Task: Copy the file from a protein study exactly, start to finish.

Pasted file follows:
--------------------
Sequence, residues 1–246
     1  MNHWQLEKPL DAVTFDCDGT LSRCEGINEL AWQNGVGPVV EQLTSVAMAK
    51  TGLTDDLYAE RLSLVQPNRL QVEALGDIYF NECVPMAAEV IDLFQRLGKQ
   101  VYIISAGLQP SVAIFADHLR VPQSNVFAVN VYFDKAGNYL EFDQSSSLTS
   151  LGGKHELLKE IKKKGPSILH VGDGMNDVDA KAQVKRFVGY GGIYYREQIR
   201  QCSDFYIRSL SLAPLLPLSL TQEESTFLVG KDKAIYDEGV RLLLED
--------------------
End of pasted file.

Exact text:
Sequence, residues 1–246
     1  MNHWQLEKPL DAVTFDCDGT LSRCEGINEL AWQNGVGPVV EQLTSVAMAK
    51  TGLTDDLYAE RLSLVQPNRL QVEALGDIYF NECVPMAAEV IDLFQRLGKQ
   101  VYIISAGLQP SVAIFADHLR VPQSNVFAVN VYFDKAGNYL EFDQSSSLTS
   151  LGGKHELLKE IKKKGPSILH VGDGMNDVDA KAQVKRFVGY GGIYYREQIR
   201  QCSDFYIRSL SLAPLLPLSL TQEESTFLVG KDKAIYDEGV RLLLED